Here we describe a side-by-side comparison of the B. pertussis and B. bronchiseptica strains whose genomes are currently being sequenced, Tohama I and RB50, respectively (20a). Sequence data will allow future comparative studies to use powerful genome-based techniques to investigate the genetic basis for differences between these closely related organisms. The prerequisite for such studies is a careful comparative analysis of their phenotypic differences. Mice are the most advanced system available to study the role of host immune functions and have been used extensively in the study of B. pertussis. We have recently shown that the manipulation of mouse immunity can increase the sensitivity of infection models to the effects of specific bacterial virulence factors (12). This approach is now applied to the comparative analysis of B. bronchiseptica and B. pertussis.

Strains Tohama I and RB50 differ in their ability to grow in various respiratory organs and to induce lung pathology and antibody responses in BALB/c mice. We used immunocompromised mice to compare the role of particular aspects of the host immune response to each subspecies. Mice deficient in either acquired immunity or neutrophils were highly susceptible to lethal infections by low doses of B. bronchiseptica, but were not killed by B. pertussis, even when doses as high as 105 CFU were delivered to the lungs. B. bronchiseptica was resistant to serum killing, was highly cytotoxic for J774 cells in vitro, and induced apoptosis of inflammatory cells in the lungs of infected mice. B. pertussis was deficient in all of these virulence characteristics, indicating that this subspecies has a dramatically different virulence strategy or that the B. pertussis mouse model does not accurately reflect natural infection of its human host.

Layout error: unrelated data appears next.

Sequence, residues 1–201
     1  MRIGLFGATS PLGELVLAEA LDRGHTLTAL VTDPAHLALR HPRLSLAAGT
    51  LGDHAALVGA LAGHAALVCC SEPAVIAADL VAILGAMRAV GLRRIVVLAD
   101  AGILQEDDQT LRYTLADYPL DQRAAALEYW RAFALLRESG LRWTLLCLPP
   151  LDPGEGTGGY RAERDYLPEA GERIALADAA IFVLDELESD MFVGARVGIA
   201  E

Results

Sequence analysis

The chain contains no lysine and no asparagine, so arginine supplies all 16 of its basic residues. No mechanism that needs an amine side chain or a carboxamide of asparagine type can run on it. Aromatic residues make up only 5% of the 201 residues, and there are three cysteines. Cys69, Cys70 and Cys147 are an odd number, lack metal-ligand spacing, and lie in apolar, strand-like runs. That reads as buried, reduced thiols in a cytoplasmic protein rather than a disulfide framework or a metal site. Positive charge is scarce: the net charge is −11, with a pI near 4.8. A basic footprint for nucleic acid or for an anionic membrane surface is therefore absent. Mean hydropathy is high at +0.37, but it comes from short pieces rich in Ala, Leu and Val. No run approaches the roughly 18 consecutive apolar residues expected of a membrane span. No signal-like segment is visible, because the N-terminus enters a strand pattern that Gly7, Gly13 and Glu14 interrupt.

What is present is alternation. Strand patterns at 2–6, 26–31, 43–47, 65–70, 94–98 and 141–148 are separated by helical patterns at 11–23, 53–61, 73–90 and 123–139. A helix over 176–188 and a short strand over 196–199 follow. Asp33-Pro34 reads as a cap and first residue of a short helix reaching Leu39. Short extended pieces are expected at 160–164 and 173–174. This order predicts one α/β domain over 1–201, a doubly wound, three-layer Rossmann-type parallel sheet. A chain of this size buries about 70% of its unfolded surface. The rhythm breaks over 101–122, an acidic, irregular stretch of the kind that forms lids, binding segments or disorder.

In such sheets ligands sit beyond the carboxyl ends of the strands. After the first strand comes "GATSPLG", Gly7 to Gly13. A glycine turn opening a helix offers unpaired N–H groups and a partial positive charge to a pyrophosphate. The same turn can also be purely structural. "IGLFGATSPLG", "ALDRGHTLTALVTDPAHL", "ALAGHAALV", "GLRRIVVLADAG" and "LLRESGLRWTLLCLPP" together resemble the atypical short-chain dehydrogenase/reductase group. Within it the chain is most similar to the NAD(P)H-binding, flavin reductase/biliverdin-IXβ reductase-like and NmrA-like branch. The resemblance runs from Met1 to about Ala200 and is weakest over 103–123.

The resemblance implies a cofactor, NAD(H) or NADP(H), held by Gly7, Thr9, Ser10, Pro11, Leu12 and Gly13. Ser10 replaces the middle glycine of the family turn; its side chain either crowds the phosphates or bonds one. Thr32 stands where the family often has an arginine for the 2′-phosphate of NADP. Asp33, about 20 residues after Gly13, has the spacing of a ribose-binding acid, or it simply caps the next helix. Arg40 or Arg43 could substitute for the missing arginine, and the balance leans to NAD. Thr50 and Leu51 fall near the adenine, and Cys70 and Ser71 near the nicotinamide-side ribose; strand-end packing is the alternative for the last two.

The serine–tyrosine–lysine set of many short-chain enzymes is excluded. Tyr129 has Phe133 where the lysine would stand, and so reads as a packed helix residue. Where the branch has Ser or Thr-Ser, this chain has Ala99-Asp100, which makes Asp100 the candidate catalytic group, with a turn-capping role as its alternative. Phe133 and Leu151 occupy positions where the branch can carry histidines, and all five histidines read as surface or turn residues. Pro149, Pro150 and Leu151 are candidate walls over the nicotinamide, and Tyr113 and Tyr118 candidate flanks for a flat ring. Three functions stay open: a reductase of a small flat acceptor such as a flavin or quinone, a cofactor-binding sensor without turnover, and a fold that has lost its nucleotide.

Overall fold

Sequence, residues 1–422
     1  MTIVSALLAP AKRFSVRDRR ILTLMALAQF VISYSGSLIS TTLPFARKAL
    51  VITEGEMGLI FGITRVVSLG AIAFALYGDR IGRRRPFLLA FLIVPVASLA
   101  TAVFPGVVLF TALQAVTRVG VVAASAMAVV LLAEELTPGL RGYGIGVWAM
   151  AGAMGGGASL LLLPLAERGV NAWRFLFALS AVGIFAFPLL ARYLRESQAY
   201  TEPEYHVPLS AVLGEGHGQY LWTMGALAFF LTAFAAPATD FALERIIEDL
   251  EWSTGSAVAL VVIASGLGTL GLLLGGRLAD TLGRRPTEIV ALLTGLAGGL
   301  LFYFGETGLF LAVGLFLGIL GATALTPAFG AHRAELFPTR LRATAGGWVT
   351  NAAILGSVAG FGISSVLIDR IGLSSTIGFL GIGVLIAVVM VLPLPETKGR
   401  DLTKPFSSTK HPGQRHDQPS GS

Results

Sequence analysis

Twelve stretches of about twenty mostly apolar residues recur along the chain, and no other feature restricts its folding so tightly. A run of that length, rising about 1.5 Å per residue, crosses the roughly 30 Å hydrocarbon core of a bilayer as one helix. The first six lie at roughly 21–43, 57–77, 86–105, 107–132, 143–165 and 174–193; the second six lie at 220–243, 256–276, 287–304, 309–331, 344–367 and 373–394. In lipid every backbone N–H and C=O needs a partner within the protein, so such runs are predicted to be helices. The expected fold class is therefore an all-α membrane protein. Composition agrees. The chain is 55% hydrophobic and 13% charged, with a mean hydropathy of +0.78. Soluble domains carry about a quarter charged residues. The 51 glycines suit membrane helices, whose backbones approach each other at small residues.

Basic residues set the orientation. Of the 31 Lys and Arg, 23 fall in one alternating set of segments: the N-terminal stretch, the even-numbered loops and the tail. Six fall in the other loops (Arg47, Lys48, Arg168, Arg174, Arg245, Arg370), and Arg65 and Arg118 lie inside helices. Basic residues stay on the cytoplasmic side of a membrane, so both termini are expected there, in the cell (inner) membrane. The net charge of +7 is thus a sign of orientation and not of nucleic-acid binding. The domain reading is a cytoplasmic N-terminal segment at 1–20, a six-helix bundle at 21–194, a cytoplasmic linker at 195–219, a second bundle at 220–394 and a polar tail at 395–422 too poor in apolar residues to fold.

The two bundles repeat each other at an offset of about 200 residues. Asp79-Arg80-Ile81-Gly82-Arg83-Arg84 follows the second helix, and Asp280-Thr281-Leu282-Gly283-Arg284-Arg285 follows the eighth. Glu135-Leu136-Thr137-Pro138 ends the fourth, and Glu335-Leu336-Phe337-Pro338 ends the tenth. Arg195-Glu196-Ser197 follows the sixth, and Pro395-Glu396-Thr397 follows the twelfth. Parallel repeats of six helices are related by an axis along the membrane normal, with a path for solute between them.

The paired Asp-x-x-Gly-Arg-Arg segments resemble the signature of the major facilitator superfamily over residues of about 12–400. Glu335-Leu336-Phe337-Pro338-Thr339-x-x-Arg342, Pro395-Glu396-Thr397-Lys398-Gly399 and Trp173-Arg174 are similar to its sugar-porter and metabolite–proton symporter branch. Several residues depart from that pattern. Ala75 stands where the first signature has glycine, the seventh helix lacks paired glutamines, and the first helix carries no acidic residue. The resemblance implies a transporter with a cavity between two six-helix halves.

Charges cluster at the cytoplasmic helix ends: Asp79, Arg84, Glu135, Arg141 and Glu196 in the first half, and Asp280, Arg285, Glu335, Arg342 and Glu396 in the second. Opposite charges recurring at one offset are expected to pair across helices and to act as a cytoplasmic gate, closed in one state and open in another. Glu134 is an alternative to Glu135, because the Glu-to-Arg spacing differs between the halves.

MATERIALS AND METHODS

Bacteria.

Bacteria were maintained on Bordet-Gengou (BG) agar (Difco) and were grown to mid-log phase in Stainer-Scholte broth for assays and inoculations. Tohama I was originally isolated from a human patient with whooping cough and has been extensively studied for 4 decades (13). RB50 was isolated from a naturally infected rabbit colony (5). Bvg+ and Bvg derivatives of RB50 (RB53 and RB54, respectively) and Tohama I (370 and 369, respectively) have been described (5, 18, 25, 26).

Animals.